Now, the thought in my head was simple. “Oh g*#, please do not let my husband raise his hand. He’s smart enough to know this is a prenatal class. If there was anyone with the right to raise her hand, it would be a female not a male……….. Oh no, he’s raising his hand. “ That’s when I vocally said, “Oh Geez.” It wasn’t very loud but loud enough for my husband to respond, “Are you ok? Is everything ok?” Bless his soul, he lowered his hand and didn’t keep it up.

Later on, sensing he disliked the emotional and crunchiness of the instructor, I mentioned how if he wanted more scientific and clinical information, I had a great book from the American College of Obstetricians and Gynecologist he could flip through. It’s a kick and easy read and he could search the index by topic to read a paragraph or two. I thought, he loved his college textbook layouts, he may just prefer that approach.

My husband then commented these classes offered little for him except positions and massage techniques to support me with. That’s when it dawned on me. Childbirth classes aren’t meant to be educational tools so much as support tools. Men think of the classes as a educational tools while women may come into it as a resource, among many other resources on the clinical spectrum, but more so as a support and emotional resource.

Yes, there is the clinical how to of childbirth but let us be honest. Most women have already read at least 3-4 books, perused the internet and called their doctors a billion times with clinical questions. These classes aren’t for us to get clinical information but to learn and share the emotional aspect of childbirth. Not only is this a bonding experience for the couple but it’s also a very scary, exciting and terrifying experience for a woman.

You can discuss the clinical piece with your doctors and midwives but as a woman we need to let out our apprehensions, discuss our fears and know we are not alone. That’s why a doula is so appealing. A doula will not judge you. A doula is an outside person who will put you at ease and let you know that you are strong and capable. She will offer comfort, advice if asked and emotional and physical support without the complication of emotional family and friend ties. You don’t have to worry about politeness or social graces. You don’t have to worry about snipping at your family or friend member. You don’t have to worry about emotional investments/experiences clouding family and friends.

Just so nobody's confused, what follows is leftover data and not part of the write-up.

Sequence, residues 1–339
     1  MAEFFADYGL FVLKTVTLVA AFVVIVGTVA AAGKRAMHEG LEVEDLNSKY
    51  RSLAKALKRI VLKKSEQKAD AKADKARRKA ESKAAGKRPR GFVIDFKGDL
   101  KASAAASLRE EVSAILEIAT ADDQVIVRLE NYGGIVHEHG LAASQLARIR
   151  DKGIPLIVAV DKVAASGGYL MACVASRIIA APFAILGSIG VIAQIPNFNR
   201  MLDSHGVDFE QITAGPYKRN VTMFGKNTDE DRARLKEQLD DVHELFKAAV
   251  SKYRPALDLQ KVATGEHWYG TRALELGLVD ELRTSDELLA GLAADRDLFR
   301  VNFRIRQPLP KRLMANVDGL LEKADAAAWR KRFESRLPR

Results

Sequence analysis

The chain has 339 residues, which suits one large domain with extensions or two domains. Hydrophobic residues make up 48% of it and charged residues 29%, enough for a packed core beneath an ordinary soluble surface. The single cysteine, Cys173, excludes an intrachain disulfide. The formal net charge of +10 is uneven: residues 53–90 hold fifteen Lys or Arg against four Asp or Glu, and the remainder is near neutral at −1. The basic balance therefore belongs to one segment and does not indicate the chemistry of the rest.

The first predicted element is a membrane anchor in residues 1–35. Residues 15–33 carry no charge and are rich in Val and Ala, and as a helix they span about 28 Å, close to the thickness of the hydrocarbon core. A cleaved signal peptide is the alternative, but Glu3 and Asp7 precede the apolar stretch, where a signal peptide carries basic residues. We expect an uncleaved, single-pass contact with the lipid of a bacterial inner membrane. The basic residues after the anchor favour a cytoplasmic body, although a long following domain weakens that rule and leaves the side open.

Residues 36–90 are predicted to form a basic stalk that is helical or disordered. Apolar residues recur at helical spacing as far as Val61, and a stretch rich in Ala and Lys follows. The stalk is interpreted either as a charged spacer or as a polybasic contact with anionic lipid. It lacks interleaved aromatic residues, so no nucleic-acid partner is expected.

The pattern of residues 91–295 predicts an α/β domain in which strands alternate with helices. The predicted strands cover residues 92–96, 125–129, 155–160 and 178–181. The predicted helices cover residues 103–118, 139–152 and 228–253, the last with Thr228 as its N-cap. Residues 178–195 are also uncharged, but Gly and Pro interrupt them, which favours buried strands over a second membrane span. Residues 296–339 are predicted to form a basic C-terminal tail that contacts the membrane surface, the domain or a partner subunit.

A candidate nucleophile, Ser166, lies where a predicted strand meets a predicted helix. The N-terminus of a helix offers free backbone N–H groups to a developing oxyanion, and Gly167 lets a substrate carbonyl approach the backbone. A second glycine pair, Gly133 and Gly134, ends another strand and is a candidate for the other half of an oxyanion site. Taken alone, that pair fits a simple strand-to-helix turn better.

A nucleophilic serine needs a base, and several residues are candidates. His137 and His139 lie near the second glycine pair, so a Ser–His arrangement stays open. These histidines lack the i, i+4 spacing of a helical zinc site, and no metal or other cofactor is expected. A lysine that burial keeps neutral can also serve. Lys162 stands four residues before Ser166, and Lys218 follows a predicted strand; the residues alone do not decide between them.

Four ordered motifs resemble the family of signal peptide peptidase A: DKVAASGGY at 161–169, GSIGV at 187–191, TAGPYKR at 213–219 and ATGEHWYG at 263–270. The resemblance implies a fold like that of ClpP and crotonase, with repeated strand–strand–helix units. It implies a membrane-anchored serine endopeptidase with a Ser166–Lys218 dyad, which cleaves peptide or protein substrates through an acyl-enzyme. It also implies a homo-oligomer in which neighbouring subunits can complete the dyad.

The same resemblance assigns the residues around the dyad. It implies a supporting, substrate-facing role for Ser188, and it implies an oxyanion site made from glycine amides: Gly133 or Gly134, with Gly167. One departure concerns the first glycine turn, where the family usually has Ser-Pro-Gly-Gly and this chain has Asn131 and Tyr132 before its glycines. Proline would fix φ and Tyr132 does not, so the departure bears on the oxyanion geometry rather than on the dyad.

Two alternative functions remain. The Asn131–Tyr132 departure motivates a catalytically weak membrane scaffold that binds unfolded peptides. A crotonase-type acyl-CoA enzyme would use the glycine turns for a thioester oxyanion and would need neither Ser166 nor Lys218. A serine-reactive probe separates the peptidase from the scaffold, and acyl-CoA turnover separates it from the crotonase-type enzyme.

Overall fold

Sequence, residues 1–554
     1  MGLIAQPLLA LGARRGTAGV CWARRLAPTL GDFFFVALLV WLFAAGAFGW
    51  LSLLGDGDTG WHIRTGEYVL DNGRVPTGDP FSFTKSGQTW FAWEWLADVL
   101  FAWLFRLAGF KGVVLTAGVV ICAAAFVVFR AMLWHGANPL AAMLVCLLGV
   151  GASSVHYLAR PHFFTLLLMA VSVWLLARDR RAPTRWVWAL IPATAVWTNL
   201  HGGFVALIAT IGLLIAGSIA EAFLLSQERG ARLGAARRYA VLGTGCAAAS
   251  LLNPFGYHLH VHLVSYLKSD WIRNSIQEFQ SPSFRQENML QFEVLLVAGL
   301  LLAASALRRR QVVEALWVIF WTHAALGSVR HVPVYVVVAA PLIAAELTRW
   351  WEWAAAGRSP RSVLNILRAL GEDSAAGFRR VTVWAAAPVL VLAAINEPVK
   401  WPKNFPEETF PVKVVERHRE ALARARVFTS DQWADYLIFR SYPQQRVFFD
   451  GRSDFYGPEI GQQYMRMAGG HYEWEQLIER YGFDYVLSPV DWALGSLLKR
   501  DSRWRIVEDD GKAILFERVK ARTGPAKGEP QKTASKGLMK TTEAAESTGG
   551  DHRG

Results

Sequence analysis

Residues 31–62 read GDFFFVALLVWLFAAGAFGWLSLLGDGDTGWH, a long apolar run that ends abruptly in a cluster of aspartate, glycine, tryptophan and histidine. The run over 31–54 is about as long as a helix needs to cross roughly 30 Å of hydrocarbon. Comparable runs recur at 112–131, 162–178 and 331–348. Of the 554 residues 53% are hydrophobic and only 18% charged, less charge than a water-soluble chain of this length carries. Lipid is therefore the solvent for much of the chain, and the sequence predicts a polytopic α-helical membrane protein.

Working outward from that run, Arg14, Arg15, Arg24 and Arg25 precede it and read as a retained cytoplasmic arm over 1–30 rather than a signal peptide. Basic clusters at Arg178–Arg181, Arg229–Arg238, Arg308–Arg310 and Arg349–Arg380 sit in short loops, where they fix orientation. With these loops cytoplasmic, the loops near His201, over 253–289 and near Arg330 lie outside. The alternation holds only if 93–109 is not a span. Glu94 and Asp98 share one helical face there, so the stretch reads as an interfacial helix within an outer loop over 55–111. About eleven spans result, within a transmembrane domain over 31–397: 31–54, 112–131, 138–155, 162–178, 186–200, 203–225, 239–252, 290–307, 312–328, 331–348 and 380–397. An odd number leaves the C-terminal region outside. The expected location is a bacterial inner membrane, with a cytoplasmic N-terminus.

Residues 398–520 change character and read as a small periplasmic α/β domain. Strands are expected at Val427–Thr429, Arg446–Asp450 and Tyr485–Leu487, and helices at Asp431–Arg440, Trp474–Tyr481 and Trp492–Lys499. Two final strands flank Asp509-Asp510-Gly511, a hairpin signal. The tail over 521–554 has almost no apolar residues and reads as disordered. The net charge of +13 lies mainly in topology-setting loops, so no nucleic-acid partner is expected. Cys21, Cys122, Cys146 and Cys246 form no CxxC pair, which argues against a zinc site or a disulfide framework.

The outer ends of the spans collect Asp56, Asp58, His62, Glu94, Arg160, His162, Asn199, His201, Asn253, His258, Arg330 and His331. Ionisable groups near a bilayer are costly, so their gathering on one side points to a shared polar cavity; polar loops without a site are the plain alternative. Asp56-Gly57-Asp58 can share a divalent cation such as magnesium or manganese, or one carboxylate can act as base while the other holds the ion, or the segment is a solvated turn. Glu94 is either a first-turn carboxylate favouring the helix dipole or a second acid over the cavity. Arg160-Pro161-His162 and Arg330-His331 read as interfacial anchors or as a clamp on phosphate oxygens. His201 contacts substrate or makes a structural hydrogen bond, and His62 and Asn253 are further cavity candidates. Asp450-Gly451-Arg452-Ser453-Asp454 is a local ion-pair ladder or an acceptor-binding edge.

Sure, these classes can lean to the right but classes administered by hospitals and physician’s offices can lean to the left. My husband was concerned at the stance that one should question the doctor’s decisions. He felt it was as if we were being told to second guess the doctor. I didn’t take it as that.

What the instructor was advocating for was a push away from the 50’s and 60’s mentality of being a passive participant in the delivery and rather be an active participant. Know your options. Ask questions. Communicate.

I also take it as a very western approach to things. What I mean is we, as Americans, want to feel as if we are in control of as much of our lives as possible. We try to schedule everything. I’m even more prone to this because of my Obsessive Compulsive tendencies.

With labor and delivery, there is a certain degree of decision making on the laboring mother’s part but in general, I firmly believe you really can’t go into delivery, let alone pregnancy, thinking you can control every aspect of it. Heck, you don’t have control when your baby decides it’s time to enter this crazy zany world. I know some women try to control this by scheduling an elective c-section or an induction.

That’s why I’m not really into the whole birth plan thing. I have an idea of what I’d like but I also realize I’m not really running the show. I have a huge part in the decisions made but neither my doctor or myself will know what will happen on delivery day. I just have to trust in my care givers, myself, my baby and my God that we will get through this and the right decisions will be made to ensure the safety and well being of my baby and myself.

Maybe it’s because I’m coming from a different perspective. I have always been around clinicians my entire life. I have family that are physicians, nurses or in the healthcare field. I am constantly surrounded by clinicians, clinical professors and clinical researchers in my line of work. I trust physicians very much but I also know there is a degree of protocols that physicians follow. Introducing options outside of textbook procedures for some docs is not within their comfort zone.

I think you just need to know your audience. Are you going to a childbirth class run by a hospital or provider’s practice? If yes, expect it to lean more towards clinical approaches. Are you going to a childbirth class run by a private organization? Most likely, it will lean towards alternative methods first before clinical protocols.